PACES/HRS expert consensus statement on the management of the asymptomatic young patient with a Wolff-Parkinson-White (WPW, ventricular preexcitation) electrocardiographic pattern: developed in partnership between the Pediatric and Congenital Electrophysiology Society (PACES) and the Heart Rhythm Society (HRS). Endorsed by the governing bodies of PACES, HRS, the American College of Cardiology Foundation (ACCF), the American Heart Association (AHA), the American Academy of Pediatrics (AAP), and t

Arizona Pediatric Cardiology Consultants & Phoenix Children's Hospital, Phoenix, AZ, USA.
Heart rhythm: the official journal of the Heart Rhythm Society (Impact Factor: 4.92). 05/2012; 9(6):1006-24. DOI: 10.1016/j.hrthm.2012.03.050
Source: PubMed

ABSTRACT HRTHM, 9 (2012) 1006-1024. doi:10.1016/j.hrthm.2012.03.050

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    ABSTRACT: Wolff-Parkinson-White (WPW) is a cardiac conduction system disorder characterized by abnormal accessory conduction pathways between the atria and the ventricles. Symptomatic patients classically present with palpitations, presyncope, or syncope that results from supraventricular tachycardia. While rare, sudden cardiac death may be the first manifestation of underlying disease and occurs more frequently in exercising individuals.
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    ABSTRACT: Sudden death accounts for 300,000-400,000 deaths annually in the United States. Most sudden deaths are cardiac, and most sudden cardiac deaths are related to arrhythmias secondary to structural heart disease or primary electrical abnormalities of the heart. The most common structural disease leading to sudden death is ischemic heart disease. Nonischemic cardiomyopathy and other structural abnormalities such as arrhythmogenic ventricular dysplasia and hypertrophic cardiomyopathy may also be causative. Patients without structural disease have a primary electrical abnormality, such as long-QT syndrome or Brugada syndrome. Severe left ventricular systolic dysfunction is the main marker for sudden death in patients with ischemic or nonischemic cardiomyopathy. In other conditions, other markers for structural heart disease and electrical abnormalities need to be considered. It is seen that β-blocker therapy is associated with a reduction in sudden cardiac death across a broad range of disorders. Nevertheless, the implantable cardioverter defibrillator remains the most effective treatment strategy in selected patients. Copyright © 2015 Elsevier Inc. All rights reserved.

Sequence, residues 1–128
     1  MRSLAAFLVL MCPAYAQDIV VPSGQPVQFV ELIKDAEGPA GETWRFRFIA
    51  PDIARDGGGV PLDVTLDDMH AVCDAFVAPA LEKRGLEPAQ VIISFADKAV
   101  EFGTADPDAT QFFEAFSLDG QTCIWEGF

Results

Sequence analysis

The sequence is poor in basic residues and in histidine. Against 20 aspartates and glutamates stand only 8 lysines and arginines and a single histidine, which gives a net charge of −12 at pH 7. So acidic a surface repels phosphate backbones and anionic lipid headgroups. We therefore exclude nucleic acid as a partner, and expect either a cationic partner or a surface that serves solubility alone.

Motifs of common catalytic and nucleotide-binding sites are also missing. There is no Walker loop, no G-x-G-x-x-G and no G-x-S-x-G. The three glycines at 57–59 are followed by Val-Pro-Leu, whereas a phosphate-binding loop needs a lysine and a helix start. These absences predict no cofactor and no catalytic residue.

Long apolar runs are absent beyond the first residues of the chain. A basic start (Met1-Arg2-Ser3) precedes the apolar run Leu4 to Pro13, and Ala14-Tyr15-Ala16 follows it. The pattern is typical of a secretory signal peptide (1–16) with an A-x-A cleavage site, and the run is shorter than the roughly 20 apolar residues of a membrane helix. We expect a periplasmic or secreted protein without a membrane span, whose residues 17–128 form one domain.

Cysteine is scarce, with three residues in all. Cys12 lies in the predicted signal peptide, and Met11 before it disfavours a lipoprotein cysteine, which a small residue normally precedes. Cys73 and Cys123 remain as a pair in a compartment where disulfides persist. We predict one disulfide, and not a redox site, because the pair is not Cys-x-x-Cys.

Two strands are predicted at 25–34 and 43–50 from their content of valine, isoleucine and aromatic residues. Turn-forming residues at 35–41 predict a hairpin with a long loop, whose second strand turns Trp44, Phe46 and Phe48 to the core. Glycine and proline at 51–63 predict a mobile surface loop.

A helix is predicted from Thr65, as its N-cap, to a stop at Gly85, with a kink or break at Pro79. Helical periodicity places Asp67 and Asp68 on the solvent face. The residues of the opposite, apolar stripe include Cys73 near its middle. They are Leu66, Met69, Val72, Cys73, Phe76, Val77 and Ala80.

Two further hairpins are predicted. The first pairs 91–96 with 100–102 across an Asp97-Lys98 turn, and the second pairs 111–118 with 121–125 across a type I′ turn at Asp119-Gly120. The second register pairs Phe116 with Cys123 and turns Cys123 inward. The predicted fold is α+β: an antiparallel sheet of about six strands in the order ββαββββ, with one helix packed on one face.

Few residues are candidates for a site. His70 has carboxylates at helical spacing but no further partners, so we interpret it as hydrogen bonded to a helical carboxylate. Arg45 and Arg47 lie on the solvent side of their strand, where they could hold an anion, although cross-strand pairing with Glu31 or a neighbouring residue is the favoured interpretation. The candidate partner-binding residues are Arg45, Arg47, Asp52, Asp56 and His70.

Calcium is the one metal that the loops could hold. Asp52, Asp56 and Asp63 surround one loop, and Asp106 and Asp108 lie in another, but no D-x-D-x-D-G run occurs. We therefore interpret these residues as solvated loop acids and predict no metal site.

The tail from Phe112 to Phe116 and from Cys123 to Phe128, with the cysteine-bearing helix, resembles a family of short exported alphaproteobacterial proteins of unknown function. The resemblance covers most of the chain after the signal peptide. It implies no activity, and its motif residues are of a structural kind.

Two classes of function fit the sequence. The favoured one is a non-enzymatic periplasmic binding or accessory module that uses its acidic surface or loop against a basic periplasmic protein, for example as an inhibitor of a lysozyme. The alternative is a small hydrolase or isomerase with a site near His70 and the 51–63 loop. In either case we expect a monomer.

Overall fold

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    ABSTRACT: Exercise testing is commonly performed in children for evaluation of cardiac disease. Few data exist, however, on the prevalence, types of arrhythmias, predictors for arrhythmias, and safety of exercise testing in children. A retrospective review of all patients ≤21 years undergoing exercise testing at our center from 2008 to 2012 was performed. Patients with clinically relevant arrhythmias were compared to those not experiencing a significant arrhythmia. 1,037 tests were performed in 916 patients. The mean age was 14 ± 4 years, 537 (55 %) were male, 281 (27 %) had congenital heart disease, 178 (17 %) had a history of a prior arrhythmia, and 17 (2 %) had a pacemaker or ICD. 291 (28 %) patients had a rhythm disturbance during the procedure. Clinically important arrhythmias were noted in 34 (3 %) patients and included: 19 (1.8 %) increasing ectopy with exercise, 5 (0.5 %) VT, 5 (0.5 %) second degree AV block, 3 (0.3 %) SVT, and 2 (0.2 %) AFIB. On multivariate logistic regression, variables associated with the development of clinically relevant arrhythmias included severe left ventricular (LV) dysfunction on echo (OR 1.99, CI 1.20-3.30) and prior history of a documented arrhythmia (OR 2.94, CI 1.25-6.88). There were no adverse events related to testing with no patient requiring cardioversion, defibrillation, or acute anti-arrhythmic therapy. A total of 28 % of children developed a rhythm disturbance during exercise testing and 3 % were clinically important. Severe LV dysfunction and a history of documented arrhythmia were associated with the development of a clinically important arrhythmia.
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